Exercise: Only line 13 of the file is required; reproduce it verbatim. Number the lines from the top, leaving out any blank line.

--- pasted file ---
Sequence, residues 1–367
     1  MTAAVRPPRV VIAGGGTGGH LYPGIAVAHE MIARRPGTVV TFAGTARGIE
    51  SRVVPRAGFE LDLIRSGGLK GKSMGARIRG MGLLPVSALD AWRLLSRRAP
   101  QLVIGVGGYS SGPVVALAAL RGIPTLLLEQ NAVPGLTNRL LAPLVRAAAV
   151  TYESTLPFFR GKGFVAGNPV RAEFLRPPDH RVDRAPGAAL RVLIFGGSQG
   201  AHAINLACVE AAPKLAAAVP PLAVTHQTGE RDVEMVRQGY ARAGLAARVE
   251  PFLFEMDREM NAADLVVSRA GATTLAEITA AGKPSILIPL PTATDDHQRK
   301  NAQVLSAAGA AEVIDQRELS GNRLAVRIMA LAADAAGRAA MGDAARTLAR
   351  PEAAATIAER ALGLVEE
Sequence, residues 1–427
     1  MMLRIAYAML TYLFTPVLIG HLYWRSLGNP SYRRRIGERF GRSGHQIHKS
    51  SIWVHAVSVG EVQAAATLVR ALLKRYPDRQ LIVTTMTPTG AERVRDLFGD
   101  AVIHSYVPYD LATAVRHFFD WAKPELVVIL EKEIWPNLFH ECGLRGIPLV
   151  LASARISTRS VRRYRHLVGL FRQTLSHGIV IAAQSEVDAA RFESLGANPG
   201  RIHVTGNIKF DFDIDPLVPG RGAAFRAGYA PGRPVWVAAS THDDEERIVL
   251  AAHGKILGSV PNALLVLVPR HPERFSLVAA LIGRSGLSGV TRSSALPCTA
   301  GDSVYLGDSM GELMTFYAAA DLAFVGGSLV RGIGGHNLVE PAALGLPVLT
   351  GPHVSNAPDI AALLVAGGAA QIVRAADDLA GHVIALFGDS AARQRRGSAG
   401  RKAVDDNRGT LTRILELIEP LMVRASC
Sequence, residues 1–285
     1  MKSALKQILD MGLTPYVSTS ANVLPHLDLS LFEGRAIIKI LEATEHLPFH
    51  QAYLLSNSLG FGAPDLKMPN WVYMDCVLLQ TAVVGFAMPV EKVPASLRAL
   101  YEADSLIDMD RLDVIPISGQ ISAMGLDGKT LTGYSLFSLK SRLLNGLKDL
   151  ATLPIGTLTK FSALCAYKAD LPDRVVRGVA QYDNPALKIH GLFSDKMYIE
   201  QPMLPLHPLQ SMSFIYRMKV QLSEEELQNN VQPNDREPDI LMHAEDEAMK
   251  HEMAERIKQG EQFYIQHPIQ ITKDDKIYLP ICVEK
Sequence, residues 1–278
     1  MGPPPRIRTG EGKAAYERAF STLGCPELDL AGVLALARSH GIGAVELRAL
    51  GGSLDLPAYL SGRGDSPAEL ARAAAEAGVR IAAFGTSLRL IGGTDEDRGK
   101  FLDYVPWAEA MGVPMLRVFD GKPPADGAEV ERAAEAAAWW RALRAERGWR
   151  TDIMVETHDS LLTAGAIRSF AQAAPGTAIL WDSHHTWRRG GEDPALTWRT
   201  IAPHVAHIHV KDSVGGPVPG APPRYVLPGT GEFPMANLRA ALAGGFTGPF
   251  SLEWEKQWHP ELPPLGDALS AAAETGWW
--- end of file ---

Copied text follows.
   101  AVIHSYVPYD LATAVRHFFD WAKPELVVIL EKEIWPNLFH ECGLRGIPLV